Open-door academic policy

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An open-door academic policy, or open-door policy, is a policy if a university accepting to enroll students without asking for evidence of previous education, experience, or references. Usually, payment of the academic fees (or financial support) is all that is required to enroll.

Universities may not employ the open-door policy for all their courses, and those that have a universal open-door policy where all courses have no entry requirements are called open universities. The policy is seen to be a part of the educational revolution.[1] From the dictionary meaning of the open-door policy, which is the idea of granting access to those who want access to the country freely,[2] a similar idea can be drawn in terms of education.[3]

According to Deepa Rao, the open-door academic policy is one of the main ways in which adult learners become a part of university/college life.[4] The recognized demand for post-secondary education made many institutions commit strongly to the policy, but many concealed limitations in the policy can prevent some from securing a degree.[4]

History

From the beginning of universities and colleges in western countries, during the early parts of the 20th century, higher education was supplied in large amounts. During these times the acceptance of all varieties of students was very limited, yet this approach was coming under pressure due to an increase in the industrial and business industry's demand for highly trained and educated employees.[5] The Civil Rights Movement during the 1960s and the Baby Boom in the 1940s-1950s, also presented further reasoning for the implementation of the open-door academic policy.[5]

In response to these pressures, the colleges and universities lowered standards of admission and offered financial support to try and win back the students. This soon turned into the open-door policy, which became a successful and well used form of recruiting students.[6]

Pros and cons

Positively, the open-door academic policy has enabled a step into higher education such as a bachelor's degree, to those who had been restricted access to these opportunities due to social or economic factors.[5] The policy has also created a sufficient amount of well trained students to fulfill the demand for educated employees for the industrial and business industries.[5]

However, despite its benefits the open-door academic policy has faced its criticism. The graduation rates of colleges are closely tied to their admissions policies. Six years after beginning a four-year program, an average of 60% of students nationwide will have graduated. However, that rate varies from 89% at colleges that accept less than one-quarter of applicants to 36% at those with an open admissions policy.[7] Additionally, the offering of financial support has created a heated issue for higher education due to the requirement for students fees which enable the universities and colleges to stay current with changing technology, employment needs and the fluctuating student population.[5]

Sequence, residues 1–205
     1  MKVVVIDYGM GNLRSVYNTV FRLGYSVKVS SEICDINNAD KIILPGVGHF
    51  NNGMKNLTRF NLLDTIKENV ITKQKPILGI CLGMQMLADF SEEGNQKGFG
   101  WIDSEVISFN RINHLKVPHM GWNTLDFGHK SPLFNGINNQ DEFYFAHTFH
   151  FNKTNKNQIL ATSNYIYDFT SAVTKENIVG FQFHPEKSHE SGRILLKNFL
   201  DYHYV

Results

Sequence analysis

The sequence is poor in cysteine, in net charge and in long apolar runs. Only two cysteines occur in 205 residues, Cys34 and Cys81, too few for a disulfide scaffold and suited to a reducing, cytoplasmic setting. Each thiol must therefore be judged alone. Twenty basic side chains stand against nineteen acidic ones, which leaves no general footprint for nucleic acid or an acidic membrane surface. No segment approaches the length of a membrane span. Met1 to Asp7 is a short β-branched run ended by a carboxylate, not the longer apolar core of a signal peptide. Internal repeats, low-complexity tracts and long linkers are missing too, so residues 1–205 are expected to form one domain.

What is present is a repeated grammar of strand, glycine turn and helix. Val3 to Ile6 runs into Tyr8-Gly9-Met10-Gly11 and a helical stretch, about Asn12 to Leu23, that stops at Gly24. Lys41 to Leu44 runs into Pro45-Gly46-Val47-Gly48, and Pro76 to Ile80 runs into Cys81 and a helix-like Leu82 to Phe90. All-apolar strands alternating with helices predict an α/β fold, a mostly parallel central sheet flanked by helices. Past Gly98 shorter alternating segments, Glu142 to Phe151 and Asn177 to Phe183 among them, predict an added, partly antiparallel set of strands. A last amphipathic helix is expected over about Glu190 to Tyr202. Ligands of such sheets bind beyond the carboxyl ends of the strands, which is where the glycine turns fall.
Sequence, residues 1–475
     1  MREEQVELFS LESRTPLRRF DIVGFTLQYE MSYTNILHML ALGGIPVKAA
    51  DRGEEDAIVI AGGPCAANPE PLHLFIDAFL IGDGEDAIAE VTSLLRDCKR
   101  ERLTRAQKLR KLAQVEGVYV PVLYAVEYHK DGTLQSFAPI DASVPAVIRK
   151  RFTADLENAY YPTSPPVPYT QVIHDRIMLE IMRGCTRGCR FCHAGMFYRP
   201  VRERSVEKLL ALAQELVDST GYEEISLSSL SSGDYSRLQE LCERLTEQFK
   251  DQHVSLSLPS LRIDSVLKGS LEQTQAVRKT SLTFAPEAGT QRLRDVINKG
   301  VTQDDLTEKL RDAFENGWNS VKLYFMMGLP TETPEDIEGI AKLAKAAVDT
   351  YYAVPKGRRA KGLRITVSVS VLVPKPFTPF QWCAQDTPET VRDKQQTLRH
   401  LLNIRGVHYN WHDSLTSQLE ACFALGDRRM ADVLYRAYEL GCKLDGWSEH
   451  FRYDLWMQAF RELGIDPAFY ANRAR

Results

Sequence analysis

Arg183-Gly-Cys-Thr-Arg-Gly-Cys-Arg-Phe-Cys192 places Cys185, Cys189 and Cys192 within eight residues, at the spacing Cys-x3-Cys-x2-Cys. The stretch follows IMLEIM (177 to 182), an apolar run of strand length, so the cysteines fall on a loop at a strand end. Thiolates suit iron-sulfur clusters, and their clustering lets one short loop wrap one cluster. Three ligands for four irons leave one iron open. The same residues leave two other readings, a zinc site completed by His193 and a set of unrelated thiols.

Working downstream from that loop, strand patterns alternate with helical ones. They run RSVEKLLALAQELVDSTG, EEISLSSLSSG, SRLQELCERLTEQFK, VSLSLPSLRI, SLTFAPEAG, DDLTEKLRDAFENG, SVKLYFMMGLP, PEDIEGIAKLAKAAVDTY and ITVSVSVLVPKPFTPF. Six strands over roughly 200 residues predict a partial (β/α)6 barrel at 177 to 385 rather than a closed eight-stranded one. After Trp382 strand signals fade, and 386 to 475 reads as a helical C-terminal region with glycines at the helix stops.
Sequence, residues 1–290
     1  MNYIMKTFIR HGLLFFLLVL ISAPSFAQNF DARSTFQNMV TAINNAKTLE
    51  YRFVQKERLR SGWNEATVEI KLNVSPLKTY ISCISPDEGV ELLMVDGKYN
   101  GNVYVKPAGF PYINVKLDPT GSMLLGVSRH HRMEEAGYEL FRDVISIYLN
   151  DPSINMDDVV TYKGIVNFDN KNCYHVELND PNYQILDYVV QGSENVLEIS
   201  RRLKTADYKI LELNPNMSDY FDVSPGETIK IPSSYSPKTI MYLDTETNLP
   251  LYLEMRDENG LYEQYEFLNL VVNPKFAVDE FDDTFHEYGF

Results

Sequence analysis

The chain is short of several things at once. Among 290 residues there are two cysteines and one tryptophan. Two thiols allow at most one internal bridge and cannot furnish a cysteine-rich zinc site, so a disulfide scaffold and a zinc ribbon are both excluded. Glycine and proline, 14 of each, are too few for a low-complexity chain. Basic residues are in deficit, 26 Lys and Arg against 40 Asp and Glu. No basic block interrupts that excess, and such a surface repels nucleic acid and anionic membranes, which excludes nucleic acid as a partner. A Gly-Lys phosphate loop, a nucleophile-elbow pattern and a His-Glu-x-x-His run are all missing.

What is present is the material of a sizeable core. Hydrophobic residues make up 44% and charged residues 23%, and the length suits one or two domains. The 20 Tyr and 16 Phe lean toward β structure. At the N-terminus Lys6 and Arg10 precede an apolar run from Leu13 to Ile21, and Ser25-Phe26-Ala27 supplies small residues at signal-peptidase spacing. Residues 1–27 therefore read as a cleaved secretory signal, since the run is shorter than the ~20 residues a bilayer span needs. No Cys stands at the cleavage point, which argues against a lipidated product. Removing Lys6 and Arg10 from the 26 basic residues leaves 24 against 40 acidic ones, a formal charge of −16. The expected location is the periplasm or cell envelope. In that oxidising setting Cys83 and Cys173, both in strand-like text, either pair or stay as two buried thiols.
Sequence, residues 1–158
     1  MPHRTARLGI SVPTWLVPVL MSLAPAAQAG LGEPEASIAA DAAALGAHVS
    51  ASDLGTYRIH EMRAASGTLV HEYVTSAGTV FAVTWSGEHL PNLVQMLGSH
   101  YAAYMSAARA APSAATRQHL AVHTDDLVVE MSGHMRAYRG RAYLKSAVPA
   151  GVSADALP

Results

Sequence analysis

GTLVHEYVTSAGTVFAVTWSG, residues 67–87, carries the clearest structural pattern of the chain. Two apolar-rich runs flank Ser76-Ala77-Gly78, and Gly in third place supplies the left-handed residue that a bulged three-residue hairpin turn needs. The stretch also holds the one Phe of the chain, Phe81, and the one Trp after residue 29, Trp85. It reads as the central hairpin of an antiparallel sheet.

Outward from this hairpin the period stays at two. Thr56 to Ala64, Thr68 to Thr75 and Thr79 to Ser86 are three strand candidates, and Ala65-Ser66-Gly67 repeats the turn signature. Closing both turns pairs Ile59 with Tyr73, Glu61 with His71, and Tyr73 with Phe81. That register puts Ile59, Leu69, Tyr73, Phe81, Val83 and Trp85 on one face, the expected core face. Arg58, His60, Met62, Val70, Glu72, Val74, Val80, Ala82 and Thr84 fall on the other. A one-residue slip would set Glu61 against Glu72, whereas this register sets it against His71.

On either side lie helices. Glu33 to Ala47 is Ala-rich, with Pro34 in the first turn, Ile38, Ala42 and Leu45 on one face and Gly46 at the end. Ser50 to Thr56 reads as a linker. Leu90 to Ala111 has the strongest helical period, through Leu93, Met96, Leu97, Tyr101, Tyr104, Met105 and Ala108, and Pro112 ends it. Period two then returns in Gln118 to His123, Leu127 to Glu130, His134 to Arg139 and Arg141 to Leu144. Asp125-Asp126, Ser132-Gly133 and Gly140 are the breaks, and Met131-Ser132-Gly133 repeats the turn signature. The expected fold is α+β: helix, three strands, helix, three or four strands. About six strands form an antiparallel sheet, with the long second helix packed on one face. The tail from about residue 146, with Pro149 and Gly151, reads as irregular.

Eligibility

The following list indicates the criteria for applicants looking to apply at an open-door university or college:

  • Non-traditional students, for example those who have delayed enrollment (those who did not go straight into university education after completing secondary education)[4]
  • On average, between the ages of 22-29.[4]
  • Usually accompanied by an adult diploma or GED, in place of a normal high school diploma.[4]

This list of criteria will differ depending on the university or college that is being applied for, this is just a general conclusion from one college.[4]

Limiting factors

Limiting factors restrict the student acceptance rate due to the following situations:

  • Funding cuts, which can be supported by further funding. For example, funding through the school e.g. school fairs, raffles etc. Budget rearrangement is also a consideration in terms of allocating a smaller portion of funding for the open-door academic policy courses.
  • Lack of teaching staff, teachers resources, classroom space.
  • Over-subscription.
  • Legal terms restricting access for some students.
  • Waiting lists.
  • Prioritizing of students whom have submitted.
  • Increase in education levels of students who submit.[5]

Notable institutions with open-door policies

The open-door academic policy's requirements can differ not only between different countries, but also between sub-national jurisdictions (states, provinces, regions). The following is a list of some universities and colleges around the world that have an open-door academic policy:

See also

References

  1. ^ https://www.jstor.org/stable/189007?seq=1#page_scan_tab_contents
  2. ^ http://www.ldoceonline.com/dictionary/open-door-policy
  3. ^ "open-door policy - Definition from Longman English Dictionary Online". www.ldoceonline.com. Retrieved 2016-05-03. 
  4. ^ a b c d e f "NCSALL: The Open Door Policy". www.ncsall.net. Retrieved 2016-05-03. 
  5. ^ a b c d e f Hendrick, Ruth Zimmer; Hightower, William H.; Gregory, Dennis E. (2006). "State Funding Limitations and Community College Open Door Policy: Conflicting Priorities?". Community College Journal of Research and Practice. 30 (8): 627–640. doi:10.1080/10668920600746078. 
  6. ^ Cohen & Brawer, A & F (2003). The American Community College. San Francisco: Jossey-Bass. 
  7. ^ "What are the graduation rates for students obtaining a bachelor's degree?". Fast Facts. National Center for Education Statistics. May 2016. Retrieved 2 November 2016. 
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